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Distance and wind force

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  1. Jul 17, 2015 #1
    I have done an experiment recently and found that there seems to exist a linear relationship (the R-squared value closest to one compared to quadratic fit, although they are pretty close) between the distance from the fan and the wind force.

    At distance zero there is a certain magnitude the force and the force just drops by a constant rate when further away (perpendicular to the fan surface) from the fan.

    The fan is in front of the object which I measure the acceleration. Any background theory in support of the findings? (just a normal electric fan we use at home)
     
  2. jcsd
  3. Jul 17, 2015 #2
    Interesting, can you post your data in a chart or graph?

    Do you have several force readings for each distance allowing a mean and an uncertainty or just one force reading?

    Do you have results for more than one fan speed?

    I would expect the force to approach zero as an asymptote as the distance is increased.

    Lots of functions can be nearly linear over a short span of input values. Think about what might happen at larger distances?

    Can the force really be negative as a decreasing line would predict at some distance?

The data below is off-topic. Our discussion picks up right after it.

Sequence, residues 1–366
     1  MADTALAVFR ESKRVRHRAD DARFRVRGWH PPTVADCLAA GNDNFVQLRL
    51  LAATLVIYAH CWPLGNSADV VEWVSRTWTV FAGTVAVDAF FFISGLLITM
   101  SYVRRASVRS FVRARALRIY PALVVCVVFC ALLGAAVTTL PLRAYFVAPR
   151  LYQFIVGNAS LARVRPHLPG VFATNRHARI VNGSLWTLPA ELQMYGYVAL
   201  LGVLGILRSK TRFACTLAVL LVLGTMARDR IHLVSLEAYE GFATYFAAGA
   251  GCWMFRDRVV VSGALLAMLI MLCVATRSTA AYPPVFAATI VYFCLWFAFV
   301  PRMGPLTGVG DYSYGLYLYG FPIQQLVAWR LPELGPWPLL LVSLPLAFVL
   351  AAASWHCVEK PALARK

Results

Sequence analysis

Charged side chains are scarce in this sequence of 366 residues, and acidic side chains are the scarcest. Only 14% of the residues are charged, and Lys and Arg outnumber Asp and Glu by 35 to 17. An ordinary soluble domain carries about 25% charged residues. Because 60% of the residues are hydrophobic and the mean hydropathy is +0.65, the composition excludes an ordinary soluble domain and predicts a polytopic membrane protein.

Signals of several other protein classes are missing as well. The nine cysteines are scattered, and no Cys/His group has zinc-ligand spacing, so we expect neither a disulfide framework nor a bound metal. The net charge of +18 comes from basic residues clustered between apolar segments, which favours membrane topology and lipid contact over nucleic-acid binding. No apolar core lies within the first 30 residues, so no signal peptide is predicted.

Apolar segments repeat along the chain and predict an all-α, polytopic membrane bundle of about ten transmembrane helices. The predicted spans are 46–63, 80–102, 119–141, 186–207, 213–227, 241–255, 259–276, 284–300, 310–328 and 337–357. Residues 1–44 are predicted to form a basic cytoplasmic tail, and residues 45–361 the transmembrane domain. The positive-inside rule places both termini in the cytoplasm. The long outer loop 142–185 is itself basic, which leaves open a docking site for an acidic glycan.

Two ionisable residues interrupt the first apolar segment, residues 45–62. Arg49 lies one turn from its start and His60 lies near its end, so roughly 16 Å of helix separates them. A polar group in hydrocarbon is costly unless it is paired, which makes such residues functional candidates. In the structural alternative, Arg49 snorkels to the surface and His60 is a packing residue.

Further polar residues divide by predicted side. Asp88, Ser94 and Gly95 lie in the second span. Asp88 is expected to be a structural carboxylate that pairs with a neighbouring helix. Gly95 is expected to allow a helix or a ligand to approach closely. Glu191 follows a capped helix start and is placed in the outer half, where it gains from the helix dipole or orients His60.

4. Jul 20, 2015 #3
    Yes, I take three readings at each distance and then take an average of them.
    I only have result for one fan speed.
    Yes, I also think that it will approach zero as an asymptote as the distance is increased. But at certain distance the wind blown out by the fan cannot put the car into acceleration any more, and that's why I only have seven/ eight data points on my graph.
    I don;t think the force can actually be negative because the further away the object from the fan, the smaller the force of pushing it away but it is unreasonable that the force of wind blown out by the fan actually pushes the object towards the fan.
     
  5. Jul 20, 2015 #4
    OK, it seems that you are somehow using motion of a model car as a proxy for the "wind force." Are you actually computing a physics "force" are is your dependent variable really something else? You could compute a real net force if you know the mass of the car and measure the acceleration, but then you need to know the frictional force that must be overcome to separate out the wind force.

    When communicating results of an experiment, the experimental method, and the independent and dependent variable are very important.

    It is hard to suggest background theory without knowing more.
     
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